Scotland’s Burns Supper

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Robert Burns was the national poet of Scotland in the 18th century. He is highly acclaimed for his poems and wrote numerous famous songs that are still known to this day. Auld Lang Syne written in 1788 is the most popular song in the English language that is sung during Hogmanay (Scots word for New Years). However, I want to introduce you all to a humorous poem he wrote, “Address to a Haggis.” Through this “Address,” he helped popularize haggis and eventually became the national dish of Scotland. During Burns Supper on January 25th (Robert Burns’ Birthday), the address is recited before bringing out the haggis.

Haggis hasn’t always been a dish; Scottish people often joke about the “Wild Haggis.” It is a small, roughed haired creature that is native to the Scottish Highlands. What is unique about this creature is that the legs on one side are significantly longer than those on the other side because it is an evolutionary adaptation to living on the steep sides of the Scottish mountains. Apparently, because of their leg length difference, they adapted to only travel in one direction, which produced two species: the clock-wise and anti-clockwise wild haggis. Obviously, they would have a severe danger of toppling over the mountainside if their legs were positioned correctly. I am very impressed with the extent to which Scottish people made the joke seem real, especially appealing to science! Maybe this is why according to a 2003 survey, one-third of Americans (1000 surveyed) believed wild haggis is real and can be found in the mountains. Sadly wild haggis is a myth.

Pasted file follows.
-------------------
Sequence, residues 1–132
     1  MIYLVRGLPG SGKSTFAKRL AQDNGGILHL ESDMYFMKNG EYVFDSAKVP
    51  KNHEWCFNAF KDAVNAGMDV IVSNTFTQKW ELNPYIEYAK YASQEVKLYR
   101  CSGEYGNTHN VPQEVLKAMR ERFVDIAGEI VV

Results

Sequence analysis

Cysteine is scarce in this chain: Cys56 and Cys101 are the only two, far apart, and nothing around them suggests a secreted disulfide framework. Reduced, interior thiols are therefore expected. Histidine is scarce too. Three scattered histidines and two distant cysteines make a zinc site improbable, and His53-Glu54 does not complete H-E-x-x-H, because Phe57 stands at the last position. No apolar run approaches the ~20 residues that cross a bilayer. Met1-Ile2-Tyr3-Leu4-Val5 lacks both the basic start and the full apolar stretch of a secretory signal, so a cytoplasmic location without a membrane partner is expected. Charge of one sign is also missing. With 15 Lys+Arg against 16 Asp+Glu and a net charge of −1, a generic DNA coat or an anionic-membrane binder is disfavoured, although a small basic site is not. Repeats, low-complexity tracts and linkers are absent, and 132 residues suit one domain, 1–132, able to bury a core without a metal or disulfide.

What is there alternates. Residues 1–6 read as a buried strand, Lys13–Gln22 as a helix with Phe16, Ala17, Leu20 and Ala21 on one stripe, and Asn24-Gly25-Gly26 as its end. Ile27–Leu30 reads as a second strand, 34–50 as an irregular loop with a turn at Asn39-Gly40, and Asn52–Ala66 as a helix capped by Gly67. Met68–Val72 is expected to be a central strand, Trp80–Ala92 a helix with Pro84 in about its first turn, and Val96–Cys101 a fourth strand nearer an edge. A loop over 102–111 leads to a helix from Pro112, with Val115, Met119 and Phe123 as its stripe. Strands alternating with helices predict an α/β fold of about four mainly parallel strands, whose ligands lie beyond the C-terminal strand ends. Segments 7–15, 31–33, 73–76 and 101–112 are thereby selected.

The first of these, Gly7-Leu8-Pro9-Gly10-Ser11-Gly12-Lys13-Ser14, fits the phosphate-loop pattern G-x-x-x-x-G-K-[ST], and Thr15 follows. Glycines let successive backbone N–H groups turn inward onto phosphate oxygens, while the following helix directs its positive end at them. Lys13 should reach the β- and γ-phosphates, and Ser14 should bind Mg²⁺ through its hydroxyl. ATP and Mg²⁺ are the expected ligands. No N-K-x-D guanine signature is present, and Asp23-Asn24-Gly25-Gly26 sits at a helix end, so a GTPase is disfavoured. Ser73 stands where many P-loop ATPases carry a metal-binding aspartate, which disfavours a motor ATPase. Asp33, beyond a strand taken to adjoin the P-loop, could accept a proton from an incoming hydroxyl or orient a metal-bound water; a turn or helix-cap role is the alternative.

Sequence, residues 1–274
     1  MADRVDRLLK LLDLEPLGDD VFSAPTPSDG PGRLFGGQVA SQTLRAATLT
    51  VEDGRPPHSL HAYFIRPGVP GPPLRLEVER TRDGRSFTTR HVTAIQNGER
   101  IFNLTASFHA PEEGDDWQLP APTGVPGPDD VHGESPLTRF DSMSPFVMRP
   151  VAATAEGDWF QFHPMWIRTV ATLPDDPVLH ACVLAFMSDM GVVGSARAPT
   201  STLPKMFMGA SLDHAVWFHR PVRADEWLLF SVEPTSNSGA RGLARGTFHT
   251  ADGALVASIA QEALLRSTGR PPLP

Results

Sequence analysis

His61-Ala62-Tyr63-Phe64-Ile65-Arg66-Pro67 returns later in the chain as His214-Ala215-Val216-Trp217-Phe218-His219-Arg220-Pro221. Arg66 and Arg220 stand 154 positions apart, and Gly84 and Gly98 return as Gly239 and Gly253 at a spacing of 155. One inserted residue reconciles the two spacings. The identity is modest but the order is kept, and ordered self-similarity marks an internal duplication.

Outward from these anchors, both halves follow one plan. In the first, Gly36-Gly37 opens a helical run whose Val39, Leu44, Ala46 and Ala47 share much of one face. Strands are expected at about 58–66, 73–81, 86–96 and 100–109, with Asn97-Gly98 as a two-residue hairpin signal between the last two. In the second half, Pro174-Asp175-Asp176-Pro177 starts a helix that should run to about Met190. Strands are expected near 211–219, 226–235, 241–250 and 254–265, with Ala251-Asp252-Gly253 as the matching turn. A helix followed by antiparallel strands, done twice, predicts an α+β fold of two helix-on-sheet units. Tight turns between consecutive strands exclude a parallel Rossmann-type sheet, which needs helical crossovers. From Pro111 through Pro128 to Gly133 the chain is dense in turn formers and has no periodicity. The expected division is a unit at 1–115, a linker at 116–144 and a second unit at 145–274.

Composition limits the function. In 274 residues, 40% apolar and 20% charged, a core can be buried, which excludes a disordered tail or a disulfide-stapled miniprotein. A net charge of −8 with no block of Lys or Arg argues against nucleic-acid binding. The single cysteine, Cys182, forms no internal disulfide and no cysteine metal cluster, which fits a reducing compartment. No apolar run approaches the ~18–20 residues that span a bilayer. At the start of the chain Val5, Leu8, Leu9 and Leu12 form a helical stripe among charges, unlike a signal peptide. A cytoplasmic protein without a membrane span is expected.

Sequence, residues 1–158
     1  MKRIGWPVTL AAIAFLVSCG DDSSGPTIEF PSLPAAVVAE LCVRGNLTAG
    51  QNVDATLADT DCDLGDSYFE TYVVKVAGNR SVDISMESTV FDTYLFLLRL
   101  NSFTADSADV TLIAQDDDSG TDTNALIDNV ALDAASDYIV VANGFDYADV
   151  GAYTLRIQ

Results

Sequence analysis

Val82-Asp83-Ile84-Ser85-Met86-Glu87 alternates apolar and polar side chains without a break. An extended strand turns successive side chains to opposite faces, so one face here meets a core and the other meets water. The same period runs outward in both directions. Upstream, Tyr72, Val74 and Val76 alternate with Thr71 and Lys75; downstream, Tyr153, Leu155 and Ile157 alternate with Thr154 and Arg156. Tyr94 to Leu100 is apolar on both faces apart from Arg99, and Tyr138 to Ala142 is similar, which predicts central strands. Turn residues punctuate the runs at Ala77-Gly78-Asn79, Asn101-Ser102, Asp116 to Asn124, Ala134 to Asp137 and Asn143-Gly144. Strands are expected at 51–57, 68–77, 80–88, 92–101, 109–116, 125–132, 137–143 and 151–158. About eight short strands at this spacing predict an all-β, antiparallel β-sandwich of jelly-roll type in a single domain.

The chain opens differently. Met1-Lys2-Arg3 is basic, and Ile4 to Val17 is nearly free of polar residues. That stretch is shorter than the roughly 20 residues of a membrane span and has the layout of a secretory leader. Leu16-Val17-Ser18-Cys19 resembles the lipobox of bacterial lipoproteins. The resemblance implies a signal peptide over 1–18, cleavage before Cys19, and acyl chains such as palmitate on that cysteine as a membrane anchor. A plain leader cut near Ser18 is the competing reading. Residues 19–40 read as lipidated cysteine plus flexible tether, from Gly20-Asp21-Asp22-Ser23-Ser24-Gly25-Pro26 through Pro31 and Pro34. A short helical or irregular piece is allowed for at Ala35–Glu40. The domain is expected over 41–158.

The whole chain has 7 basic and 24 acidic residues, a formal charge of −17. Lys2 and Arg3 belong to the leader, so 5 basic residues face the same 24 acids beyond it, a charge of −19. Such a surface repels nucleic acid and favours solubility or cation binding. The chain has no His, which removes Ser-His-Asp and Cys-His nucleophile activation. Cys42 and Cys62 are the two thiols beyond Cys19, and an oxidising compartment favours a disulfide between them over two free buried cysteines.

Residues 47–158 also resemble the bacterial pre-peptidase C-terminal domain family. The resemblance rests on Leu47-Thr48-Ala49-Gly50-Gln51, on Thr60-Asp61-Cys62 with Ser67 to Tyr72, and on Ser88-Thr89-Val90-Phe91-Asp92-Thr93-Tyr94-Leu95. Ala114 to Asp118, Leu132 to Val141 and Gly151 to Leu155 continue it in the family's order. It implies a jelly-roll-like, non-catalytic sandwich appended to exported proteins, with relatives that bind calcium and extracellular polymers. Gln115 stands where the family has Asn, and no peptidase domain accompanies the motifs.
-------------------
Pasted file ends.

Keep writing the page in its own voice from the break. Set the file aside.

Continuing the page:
Burns Supper is a purely Scottish tradition with food involved, so I wanted to celebrate it. That evening after my 5 pm class, my friend and I decided to go to a local pub, serving the three-layered haggis, neeps, and tatties. Neeps are also called rutabaga, which is a purplish, green, round root vegetable. Tatties are simply mashed potatoes. The star of the plate, haggis may be intimidating for some: sheep’s pluck (heart, liver, and lungs); minced onion, oatmeal, suet, spices, and salt that is traditionally encased in the animal’s stomach, but it is indeed delicious. The flavor was terrific, and the olive oil and balsamic vinegar provided a burst of flavor. Do not worry if you are vegetarian or vegan; they have those options too, though I don’t know what the alternative to sheep’s pluck is.Traditionally, this meal is accompanied with the national drink, Scottish whiskey. After the meal, people come together for the ceilidh (Kay-lee), a Scots word for “gathering” or “party.” This is a dance with as many people as possible and is similar to square dancing. Guys wear traditional kilts with sporran (Gaelic for purse), while girls wear tartan plaid. From all the traditions unique to Scotland, I can say that Scottish people are very proud of their identity (and can be pranksters sometimes).